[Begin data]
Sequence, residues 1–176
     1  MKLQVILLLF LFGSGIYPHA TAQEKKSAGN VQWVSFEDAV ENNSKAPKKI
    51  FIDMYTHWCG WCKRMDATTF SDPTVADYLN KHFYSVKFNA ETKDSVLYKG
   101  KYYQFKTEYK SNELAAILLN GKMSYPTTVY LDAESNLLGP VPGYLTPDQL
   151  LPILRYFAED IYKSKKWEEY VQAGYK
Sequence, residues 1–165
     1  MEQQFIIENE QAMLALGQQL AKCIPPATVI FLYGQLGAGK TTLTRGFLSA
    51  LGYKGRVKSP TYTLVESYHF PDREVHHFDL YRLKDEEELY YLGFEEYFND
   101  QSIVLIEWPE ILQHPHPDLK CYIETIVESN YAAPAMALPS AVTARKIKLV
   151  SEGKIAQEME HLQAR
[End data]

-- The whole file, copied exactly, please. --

Sequence, residues 1–176
     1  MKLQVILLLF LFGSGIYPHA TAQEKKSAGN VQWVSFEDAV ENNSKAPKKI
    51  FIDMYTHWCG WCKRMDATTF SDPTVADYLN KHFYSVKFNA ETKDSVLYKG
   101  KYYQFKTEYK SNELAAILLN GKMSYPTTVY LDAESNLLGP VPGYLTPDQL
   151  LPILRYFAED IYKSKKWEEY VQAGYK
Sequence, residues 1–165
     1  MEQQFIIENE QAMLALGQQL AKCIPPATVI FLYGQLGAGK TTLTRGFLSA
    51  LGYKGRVKSP TYTLVESYHF PDREVHHFDL YRLKDEEELY YLGFEEYFND
   101  QSIVLIEWPE ILQHPHPDLK CYIETIVESN YAAPAMALPS AVTARKIKLV
   151  SEGKIAQEME HLQAR